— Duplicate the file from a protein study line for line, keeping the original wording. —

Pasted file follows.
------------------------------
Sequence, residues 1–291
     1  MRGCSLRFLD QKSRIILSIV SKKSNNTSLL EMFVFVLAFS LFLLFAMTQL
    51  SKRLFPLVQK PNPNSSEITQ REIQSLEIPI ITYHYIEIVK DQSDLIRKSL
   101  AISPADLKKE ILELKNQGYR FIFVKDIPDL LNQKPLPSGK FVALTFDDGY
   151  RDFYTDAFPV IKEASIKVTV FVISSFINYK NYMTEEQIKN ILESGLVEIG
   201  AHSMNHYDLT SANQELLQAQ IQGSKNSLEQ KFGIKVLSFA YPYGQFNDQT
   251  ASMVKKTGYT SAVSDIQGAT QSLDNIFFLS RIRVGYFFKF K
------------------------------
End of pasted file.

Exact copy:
Sequence, residues 1–291
     1  MRGCSLRFLD QKSRIILSIV SKKSNNTSLL EMFVFVLAFS LFLLFAMTQL
    51  SKRLFPLVQK PNPNSSEITQ REIQSLEIPI ITYHYIEIVK DQSDLIRKSL
   101  AISPADLKKE ILELKNQGYR FIFVKDIPDL LNQKPLPSGK FVALTFDDGY
   151  RDFYTDAFPV IKEASIKVTV FVISSFINYK NYMTEEQIKN ILESGLVEIG
   201  AHSMNHYDLT SANQELLQAQ IQGSKNSLEQ KFGIKVLSFA YPYGQFNDQT
   251  ASMVKKTGYT SAVSDIQGAT QSLDNIFFLS RIRVGYFFKF K